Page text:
We are finished with the field work on the hadrosaur skeleton, just as we were beginning to get conditioned to the one-mile hikes! You have already heard from Art about the final day of excavation and our hauling away the blocks. The next day, June 13th, we returned to the site to fill in the hole and smooth out the contours to make it look as natural as we could.
The drive home with the overloaded trailer took about an hour longer than usual for the 140 mile trip from Big Water to Flagstaff. The tires proved to be the perfect cushion for the blocks, which arrived undamaged and in good condition.
Now we have to move them from the trailer to the lab, and begin the long process of laboratory preparation. That work will be conducted by Niko Herzog, our new preparator who began today. By the time of the broadcast production in October, we should have most of the bones at least partially prepared and laid out like they were in the field. The hardest part of the preparation will be exposing the skin impressions and keeping the ossified tendons in their original positions.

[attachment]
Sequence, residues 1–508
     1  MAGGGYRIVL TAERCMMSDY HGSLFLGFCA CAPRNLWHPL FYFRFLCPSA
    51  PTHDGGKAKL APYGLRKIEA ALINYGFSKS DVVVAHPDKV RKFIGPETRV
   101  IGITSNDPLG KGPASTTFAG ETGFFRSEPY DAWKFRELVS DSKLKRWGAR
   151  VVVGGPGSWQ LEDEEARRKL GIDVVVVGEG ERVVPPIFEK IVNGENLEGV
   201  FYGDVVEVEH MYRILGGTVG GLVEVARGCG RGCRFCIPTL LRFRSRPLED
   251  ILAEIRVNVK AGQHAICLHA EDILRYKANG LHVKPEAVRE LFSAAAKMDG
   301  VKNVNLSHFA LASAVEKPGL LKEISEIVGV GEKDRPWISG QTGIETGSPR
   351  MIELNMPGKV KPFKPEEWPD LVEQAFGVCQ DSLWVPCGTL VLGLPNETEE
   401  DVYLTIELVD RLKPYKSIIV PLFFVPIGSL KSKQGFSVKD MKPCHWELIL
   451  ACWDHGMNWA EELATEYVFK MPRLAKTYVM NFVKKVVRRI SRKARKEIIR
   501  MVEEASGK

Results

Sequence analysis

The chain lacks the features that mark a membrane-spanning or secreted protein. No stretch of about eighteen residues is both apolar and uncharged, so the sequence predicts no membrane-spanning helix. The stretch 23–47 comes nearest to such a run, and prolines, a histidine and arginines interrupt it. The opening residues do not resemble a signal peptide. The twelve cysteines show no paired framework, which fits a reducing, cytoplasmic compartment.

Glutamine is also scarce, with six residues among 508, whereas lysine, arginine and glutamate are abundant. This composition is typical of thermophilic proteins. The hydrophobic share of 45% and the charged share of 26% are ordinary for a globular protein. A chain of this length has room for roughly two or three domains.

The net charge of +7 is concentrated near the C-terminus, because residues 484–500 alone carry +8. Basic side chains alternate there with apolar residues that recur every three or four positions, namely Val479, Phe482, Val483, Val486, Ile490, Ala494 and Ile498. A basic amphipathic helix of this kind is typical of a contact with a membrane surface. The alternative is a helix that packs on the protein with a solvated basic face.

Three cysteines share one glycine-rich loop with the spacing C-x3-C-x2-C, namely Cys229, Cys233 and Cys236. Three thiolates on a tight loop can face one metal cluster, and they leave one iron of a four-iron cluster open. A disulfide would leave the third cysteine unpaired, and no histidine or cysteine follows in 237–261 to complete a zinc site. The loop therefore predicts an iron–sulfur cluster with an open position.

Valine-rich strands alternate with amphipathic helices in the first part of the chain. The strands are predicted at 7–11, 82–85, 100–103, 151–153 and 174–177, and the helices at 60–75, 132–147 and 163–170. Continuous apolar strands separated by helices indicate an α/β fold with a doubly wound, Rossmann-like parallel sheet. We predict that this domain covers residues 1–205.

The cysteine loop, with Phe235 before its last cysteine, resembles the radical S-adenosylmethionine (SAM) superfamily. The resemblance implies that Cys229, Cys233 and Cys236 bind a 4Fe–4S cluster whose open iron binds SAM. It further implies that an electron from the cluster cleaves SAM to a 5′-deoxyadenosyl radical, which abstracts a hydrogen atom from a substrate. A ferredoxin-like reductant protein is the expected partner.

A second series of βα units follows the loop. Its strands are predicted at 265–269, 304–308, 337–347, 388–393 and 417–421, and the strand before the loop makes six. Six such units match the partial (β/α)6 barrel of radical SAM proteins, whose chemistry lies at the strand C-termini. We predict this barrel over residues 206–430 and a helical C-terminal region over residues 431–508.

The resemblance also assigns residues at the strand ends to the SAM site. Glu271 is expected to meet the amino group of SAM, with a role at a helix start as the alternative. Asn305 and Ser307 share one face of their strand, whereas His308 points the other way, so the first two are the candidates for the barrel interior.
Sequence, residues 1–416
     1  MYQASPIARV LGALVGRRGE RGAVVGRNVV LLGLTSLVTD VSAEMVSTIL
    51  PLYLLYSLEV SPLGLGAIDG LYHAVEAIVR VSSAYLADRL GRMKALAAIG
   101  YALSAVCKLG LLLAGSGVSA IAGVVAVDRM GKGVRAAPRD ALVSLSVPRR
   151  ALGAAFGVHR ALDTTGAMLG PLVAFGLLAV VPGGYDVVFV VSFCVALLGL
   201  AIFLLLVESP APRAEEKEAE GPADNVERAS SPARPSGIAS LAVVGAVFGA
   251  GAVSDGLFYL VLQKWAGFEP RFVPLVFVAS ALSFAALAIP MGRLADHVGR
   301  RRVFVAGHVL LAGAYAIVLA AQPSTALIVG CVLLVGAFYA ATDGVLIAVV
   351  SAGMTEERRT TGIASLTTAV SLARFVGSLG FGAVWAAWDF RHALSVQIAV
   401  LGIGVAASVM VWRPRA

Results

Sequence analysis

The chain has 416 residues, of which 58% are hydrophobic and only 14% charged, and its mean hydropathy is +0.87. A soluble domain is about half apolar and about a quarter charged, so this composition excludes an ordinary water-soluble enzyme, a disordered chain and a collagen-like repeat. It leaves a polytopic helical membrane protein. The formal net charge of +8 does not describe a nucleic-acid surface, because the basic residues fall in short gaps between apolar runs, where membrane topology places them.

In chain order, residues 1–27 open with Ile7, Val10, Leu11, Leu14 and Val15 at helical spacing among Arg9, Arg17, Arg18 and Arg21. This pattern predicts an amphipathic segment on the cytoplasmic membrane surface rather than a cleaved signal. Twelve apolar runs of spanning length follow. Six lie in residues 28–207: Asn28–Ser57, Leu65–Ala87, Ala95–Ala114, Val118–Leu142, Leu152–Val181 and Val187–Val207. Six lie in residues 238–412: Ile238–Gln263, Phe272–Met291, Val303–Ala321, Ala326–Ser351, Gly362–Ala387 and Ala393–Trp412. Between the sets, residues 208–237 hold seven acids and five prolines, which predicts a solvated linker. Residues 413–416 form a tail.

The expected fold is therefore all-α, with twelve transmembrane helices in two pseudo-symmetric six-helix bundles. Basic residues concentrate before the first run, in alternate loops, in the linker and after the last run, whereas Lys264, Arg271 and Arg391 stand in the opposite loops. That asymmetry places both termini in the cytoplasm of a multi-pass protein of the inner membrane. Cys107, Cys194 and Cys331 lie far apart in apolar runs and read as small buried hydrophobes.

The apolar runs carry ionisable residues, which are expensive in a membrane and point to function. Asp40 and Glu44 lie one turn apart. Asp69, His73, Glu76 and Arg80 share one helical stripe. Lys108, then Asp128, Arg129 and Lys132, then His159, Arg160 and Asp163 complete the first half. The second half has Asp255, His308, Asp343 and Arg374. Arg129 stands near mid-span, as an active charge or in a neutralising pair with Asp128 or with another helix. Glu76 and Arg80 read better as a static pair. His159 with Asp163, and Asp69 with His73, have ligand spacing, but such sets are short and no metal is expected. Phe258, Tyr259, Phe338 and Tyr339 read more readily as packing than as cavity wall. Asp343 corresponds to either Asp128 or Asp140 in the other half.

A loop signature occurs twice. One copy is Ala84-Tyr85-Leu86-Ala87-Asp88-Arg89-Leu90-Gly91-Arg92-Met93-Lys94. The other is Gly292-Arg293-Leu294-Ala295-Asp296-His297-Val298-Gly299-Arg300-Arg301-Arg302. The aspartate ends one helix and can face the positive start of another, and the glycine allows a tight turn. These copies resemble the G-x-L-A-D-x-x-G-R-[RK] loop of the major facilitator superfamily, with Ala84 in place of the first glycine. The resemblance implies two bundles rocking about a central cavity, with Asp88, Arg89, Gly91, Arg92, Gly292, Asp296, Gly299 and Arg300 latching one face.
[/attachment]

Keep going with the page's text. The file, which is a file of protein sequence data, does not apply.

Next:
What's Next? Soon we begin our next phase of field activity in the monument: excavation of a ceratopsian skeleton (a relative of Triceratops, so far unidentified to genus) in a very remote and difficult place to reach, and then exploration in the Kaiparowits Plateau for more fossil sites. Daily temperatures are now close to 100 degrees. That work will continue until sometime in September. Occasionally we will return to Flagstaff for rest, recreation, and paperwork, but Big Water will be our second home until fall. This work is difficult sometimes, but we enjoy the challenges. On the hadrosaur project, we also very much enjoyed working with the BLM crew on documentation and writing this journal.
Thanks for reading our observations so far. We'll see you in October! .